Hollywood war movies are usually comprised of strong and versatile trope elements like the wise seasoned soldier, the good decision makers, and the flawed protagonist who needs a solid character arch before the credits roll.
There’s also the cast of characters that are considered the weaker links, or they’re just so naïve audiences sigh with relief when they die off.
So here’s our list of newbie boots we wouldn’t want taking point on patrol with us.
1. Conrad Vig (“3 Kings”)
He’s the funny, goofy guy who also talks too much and no one takes him seriously until you get annoyed by his presence.
Great movie, but bad karate kick. (Image via Giphy)
2. Corporal Upham (“Saving Private Ryan”)
He stops himself from saving a fellow brother because his fear got the best of him, but to add insult to injury, he gave up an easy kill shot and let the German soldier off the hook. Unacceptable!
Unfreaking believable. You had him, Upham! (Image via Giphy)
3. Gardner (“Platoon”)
We knew this over-weight character was going to perish sooner rather than later — no way his stature meets physical regs. No squad wants the guy who can’t hold his own weight — literally — on their team.
The U.S. Army is hosting a fly-off starting a year from now, and some of the biggest names in defense manufacturing are working in earnest to win it.
The Army put out a “request for proposals,” better know in procurement circles as an “RFP,” last year as the first step in their Joint Multi-Role Technology Demonstrator (JMRTD) program, and the competition is down to two efforts: The V-280 “Valor” by Bell Helicopter and the SB-1 “Defiant” by Boeing and Lockheed-Martin. The two designs take wildly different approaches to meet the JMRTD performance requirements that include the ability to reach an airspeed of 230 knots and fly a combat radius of around 275 miles. The Valor is a tiltrotor aircraft, which builds on Bell’s experience and learnings with the V-22 “Osprey,” and the Defiant is a coaxial rotor design, which uses two rotors spinning in opposite directions above the fuselage and a thruster aft.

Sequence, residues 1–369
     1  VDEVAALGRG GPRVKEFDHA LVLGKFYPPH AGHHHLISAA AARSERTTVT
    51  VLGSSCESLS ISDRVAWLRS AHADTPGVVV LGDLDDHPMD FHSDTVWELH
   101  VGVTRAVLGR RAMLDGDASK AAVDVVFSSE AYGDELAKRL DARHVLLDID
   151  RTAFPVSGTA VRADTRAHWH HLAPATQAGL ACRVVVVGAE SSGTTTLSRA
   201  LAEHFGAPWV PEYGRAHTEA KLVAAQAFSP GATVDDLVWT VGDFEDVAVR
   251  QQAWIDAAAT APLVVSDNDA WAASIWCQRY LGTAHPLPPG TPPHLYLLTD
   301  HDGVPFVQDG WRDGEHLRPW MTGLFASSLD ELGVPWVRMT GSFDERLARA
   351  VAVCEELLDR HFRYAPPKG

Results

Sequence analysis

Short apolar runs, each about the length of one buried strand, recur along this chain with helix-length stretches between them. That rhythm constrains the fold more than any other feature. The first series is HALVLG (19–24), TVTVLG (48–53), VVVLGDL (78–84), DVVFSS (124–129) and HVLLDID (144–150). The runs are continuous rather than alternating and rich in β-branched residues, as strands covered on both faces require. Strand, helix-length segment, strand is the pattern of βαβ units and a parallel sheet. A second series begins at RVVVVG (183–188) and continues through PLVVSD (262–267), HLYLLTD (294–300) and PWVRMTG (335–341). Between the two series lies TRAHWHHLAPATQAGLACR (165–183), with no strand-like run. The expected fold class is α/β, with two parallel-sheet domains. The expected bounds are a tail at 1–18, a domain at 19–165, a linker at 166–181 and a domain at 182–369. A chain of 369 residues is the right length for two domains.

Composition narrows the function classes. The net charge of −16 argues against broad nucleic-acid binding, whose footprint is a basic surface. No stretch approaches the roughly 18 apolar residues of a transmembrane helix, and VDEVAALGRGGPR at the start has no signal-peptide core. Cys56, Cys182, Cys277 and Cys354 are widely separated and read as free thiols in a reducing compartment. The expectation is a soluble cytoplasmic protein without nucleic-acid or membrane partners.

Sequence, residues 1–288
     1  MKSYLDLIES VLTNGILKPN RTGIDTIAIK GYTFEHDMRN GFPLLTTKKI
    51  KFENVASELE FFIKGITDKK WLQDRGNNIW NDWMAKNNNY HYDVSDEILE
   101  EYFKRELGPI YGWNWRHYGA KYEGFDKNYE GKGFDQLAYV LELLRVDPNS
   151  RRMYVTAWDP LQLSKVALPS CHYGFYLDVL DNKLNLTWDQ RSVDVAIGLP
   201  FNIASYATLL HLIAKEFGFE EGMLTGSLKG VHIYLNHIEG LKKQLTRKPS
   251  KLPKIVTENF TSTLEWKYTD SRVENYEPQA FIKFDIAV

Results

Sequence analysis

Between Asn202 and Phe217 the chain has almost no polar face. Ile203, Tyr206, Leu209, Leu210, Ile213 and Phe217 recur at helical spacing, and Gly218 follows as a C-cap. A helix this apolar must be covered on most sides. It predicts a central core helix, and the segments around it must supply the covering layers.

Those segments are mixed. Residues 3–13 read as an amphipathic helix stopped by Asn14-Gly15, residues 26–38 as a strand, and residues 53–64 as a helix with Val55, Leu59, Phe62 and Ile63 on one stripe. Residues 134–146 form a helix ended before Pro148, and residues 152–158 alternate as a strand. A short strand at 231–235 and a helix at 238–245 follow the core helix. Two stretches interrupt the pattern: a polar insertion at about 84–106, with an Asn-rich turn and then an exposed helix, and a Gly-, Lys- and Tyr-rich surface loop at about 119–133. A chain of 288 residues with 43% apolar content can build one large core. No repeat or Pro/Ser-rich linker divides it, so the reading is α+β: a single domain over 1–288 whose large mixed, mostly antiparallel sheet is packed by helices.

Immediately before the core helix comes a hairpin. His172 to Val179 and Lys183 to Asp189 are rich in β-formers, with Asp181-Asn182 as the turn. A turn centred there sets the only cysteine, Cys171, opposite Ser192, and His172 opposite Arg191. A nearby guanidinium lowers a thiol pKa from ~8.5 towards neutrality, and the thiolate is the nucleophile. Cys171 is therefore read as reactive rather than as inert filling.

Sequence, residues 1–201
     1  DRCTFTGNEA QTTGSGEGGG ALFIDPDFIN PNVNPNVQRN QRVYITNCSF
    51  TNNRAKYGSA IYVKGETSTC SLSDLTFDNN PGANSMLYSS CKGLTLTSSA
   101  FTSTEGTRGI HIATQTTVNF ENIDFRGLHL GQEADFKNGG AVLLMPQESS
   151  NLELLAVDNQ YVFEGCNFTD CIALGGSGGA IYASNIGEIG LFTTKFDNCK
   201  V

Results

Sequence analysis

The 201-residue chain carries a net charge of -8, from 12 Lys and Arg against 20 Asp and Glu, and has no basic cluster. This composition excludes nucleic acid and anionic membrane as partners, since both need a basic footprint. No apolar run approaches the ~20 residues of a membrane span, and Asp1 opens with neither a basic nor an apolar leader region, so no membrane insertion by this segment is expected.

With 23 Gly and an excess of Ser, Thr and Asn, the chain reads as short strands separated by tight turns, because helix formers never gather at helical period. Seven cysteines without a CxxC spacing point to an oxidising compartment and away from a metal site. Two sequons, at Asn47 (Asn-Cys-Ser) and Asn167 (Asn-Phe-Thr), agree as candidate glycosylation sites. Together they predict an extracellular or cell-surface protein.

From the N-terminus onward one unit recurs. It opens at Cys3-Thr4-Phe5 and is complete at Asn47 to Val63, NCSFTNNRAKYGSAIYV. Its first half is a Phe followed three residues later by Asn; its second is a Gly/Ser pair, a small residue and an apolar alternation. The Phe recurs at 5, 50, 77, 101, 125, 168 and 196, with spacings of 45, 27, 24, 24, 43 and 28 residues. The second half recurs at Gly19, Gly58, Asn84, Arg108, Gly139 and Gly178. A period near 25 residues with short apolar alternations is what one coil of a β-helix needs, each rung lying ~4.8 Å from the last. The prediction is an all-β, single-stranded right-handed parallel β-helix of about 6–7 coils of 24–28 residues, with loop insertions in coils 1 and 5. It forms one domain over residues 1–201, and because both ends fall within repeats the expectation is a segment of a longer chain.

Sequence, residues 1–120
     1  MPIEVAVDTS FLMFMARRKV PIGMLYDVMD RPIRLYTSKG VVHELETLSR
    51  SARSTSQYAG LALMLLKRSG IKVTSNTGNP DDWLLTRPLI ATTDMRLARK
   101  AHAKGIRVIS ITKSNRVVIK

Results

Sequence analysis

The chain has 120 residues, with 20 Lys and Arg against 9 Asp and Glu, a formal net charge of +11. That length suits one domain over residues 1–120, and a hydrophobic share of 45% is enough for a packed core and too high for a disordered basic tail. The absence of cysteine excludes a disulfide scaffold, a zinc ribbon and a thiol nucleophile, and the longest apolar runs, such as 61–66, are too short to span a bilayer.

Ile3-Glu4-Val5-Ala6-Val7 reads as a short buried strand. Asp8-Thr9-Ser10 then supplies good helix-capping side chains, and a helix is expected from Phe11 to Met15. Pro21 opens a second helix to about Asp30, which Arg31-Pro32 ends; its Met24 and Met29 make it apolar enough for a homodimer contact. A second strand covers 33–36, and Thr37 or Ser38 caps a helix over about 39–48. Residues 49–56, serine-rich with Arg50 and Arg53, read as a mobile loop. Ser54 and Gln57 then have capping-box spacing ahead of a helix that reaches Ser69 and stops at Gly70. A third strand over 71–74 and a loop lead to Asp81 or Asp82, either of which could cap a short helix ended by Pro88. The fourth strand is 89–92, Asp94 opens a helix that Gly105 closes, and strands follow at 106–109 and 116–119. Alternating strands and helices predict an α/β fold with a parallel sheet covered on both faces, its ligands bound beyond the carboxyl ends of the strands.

The two designs take wildly different approaches to meet the JMRTD performance requirements that include the ability to reach an airspeed of 230 knots and fly a combat radius of around 275 miles. The Valor is a tiltrotor aircraft, which builds on Bell’s experience and learnings with the V-22 “Osprey,” and the Defiant is a coaxial rotor design, which uses two rotors spinning in opposite directions above the fuselage and a thruster aft.
“We realize there’s still a pretty significant filter out there about the troubled history of the tiltrotor,” said Robert Hastings, Bell’s EVP for communications and government affairs . “But the Marines today would tell you it’s transformational. Younger pilots who never had to unlearn bad habits from other airplanes are flying the V-22 in ways we never imagined.”
Hastings, who flew Cobras and Blackhawks in the Army and also served as the Assistant Secretary of Defense for Public Affairs during Robert Gates’ tenure at the Pentagon, related a conversation he had with a V-22 squadron commander during the most recent Singapore Air Show. The CO told him that at that moment he had Ospreys in Australia, Okinawa, and the Philippines as well as at the show.